Keeping Your Executive “In the Know” About Cyber Security

Major data breaches at companies such as Target, LinkedIn, Home Depot and Sony have brought cyber security to everyone’s attention. This includes senior-level “C-suite” executives who say they believe a comprehensive security plan is important.

But, before your senior leaders can champion cyber security as part of your company’s risk and incident management program, they must have a clear picture  of real cyber threats facing your organization.

According to a survey of 600 IT and IT practitioners by the Ponemon Institute, 34 percent said C-suite executives are never updated on security incidents, while 36 percent are only updated on a need-to-know basis.

For senior leadership to make informed decisions that can affect the company for years to come, your business continuity and disaster recovery teams must work to help them realize that cyber security is not too technical of an issue to manage.  You can help your leaders understand who the company’s cyber-foes are and how to effectively combat them. But, despite the potential fiscal ramifications of a cyber attack,  this is seemingly not the current trend.

The survey continued by stating that a mere 7 percent updated leadership weekly or monthly, even though 63 percent of those participating confirmed their companies were victims of one or more advanced attacks in the past year.

Senior managers of marketing, human resources, and finance are responsible for extremely sensitive data, and they should be proactively engaged with planning and security decisions. To make the right incident management decisions, there should be more awareness at that level.

For companies that are struggling to establish an effective cyber security strategy, Business Continuity and Disaster Recovery Teams must strive to keep senior management “in the know” about cyber threats.  Here are some key reasons why…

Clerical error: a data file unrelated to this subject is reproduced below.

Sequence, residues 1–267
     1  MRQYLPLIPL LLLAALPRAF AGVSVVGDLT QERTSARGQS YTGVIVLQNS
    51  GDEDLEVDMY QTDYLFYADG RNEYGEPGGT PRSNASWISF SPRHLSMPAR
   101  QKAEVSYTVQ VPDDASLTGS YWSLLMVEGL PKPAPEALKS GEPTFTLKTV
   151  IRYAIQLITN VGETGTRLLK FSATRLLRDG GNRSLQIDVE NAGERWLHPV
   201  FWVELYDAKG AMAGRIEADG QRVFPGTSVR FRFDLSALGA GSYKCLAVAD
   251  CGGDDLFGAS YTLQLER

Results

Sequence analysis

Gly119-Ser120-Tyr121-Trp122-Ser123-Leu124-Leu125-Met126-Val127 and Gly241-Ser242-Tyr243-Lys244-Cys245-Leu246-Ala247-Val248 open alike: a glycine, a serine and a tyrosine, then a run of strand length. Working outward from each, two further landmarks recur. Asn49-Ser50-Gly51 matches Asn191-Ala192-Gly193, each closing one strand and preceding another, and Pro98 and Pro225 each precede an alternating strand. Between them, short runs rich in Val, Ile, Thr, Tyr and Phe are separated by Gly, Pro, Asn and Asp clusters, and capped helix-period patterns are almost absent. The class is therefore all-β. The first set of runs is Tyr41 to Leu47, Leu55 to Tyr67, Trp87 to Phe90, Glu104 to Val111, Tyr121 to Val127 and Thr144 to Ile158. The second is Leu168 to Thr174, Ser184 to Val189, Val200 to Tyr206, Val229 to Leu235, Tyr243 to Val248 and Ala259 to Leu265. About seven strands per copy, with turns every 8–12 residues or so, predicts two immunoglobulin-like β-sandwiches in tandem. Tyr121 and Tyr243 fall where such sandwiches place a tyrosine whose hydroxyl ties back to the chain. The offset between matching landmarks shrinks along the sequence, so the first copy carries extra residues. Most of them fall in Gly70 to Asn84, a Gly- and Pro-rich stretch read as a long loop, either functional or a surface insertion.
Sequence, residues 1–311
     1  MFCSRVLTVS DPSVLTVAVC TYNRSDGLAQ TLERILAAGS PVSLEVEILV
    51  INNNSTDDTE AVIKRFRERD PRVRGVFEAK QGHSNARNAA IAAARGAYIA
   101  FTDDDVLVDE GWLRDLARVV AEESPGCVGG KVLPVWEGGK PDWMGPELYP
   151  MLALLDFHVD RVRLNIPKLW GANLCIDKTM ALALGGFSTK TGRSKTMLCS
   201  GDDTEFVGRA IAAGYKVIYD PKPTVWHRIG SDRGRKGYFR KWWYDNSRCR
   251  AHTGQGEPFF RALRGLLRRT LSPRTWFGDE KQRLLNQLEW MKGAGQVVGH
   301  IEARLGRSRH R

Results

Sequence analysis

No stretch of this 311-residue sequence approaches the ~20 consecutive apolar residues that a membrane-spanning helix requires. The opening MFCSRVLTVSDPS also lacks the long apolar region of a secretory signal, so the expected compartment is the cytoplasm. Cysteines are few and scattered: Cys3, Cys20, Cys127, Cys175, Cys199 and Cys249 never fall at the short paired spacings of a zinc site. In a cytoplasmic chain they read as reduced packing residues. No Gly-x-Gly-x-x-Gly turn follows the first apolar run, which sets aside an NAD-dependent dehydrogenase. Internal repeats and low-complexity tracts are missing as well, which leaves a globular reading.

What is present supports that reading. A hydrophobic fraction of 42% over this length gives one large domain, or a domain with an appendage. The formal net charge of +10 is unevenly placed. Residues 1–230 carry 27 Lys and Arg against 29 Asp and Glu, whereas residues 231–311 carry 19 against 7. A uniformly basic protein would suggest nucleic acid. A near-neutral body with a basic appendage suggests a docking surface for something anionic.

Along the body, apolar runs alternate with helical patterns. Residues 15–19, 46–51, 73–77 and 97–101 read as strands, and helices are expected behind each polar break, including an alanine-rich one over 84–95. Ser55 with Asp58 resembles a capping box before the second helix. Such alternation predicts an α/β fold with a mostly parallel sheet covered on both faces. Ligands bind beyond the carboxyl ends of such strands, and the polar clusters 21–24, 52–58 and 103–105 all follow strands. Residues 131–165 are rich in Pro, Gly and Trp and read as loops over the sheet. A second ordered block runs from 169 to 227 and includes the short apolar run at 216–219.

• Organizations’ reliance on information technology is ever-increasing.   By providing insight into the real financial, legal, and reputational damage a cyber incident can have, you can give your business leaders the visibility they need to take cyber threats more seriously.  Senior management needs to address cyber security risks like any other business continuity risk, and deal with it as part of the company’s enterprise-wide risk management program.
  • Organizations are challenged with competing budget priorities.  Senior executives have critical budget decisions with where investments are made for programs, staff, technology, and services.  To make these choices, they have to prioritize likely risks to the business, including countering cyber-security threats.  Educate them about the genuine cyber-threats to the business that support why IT needs to invest in preventative technologies and experienced personnel.
  • Media coverage is flooded.  Reports about cyber-criminals, hacktivists, and catastrophic data breaches are constantly circulating.  Help senior executives cut through the noise…keep your executives apprised about how the organization is responding to current security concerns and relevant, emerging threats.
  • Cyber incidents can escalate rapidly.  This requires well-coordinated communication at all levels within an organization, including senior executives as they may be expected to respond to board members, customers, vendors, or the media.  Senior executives need to be prepared to respond succinctly and accurately to questions about an incident.

To engage your senior executives as it relates to cyber security, align your security goals with the business’s goals. Here is a look at an interesting case study from the Healthcare Industry about how companies can protect reputation, brand and data with the proper planning and implementation of their business continuity services.

As noted above, along with the negative revenue ramifications caused by damage to brand’s reputation and the potential legal issues, you can explain how addressing cyber security as part of the enterprise’s risk management program can generate income.  For example, in a competitive bid, your cyber security program can give you an advantage by bolstering confidence and integrity in the eyes of the customer.

Today’s business is conducted in a connected world, and every company will face a cyber attack…it is no longer a question of if, but when.  Help keep your top managers “in the know” and give them the proper quantity and quality of information they need regarding cyber security and IT risk.  The senior executive team’s posture towards cyber security preparedness has consequences for the entire organization. Top management must be sufficiently engaged so as to wisely utilize the people, processes, and technology that mitigate these threats, and to fully integrate security goals with the business’s overall objectives.

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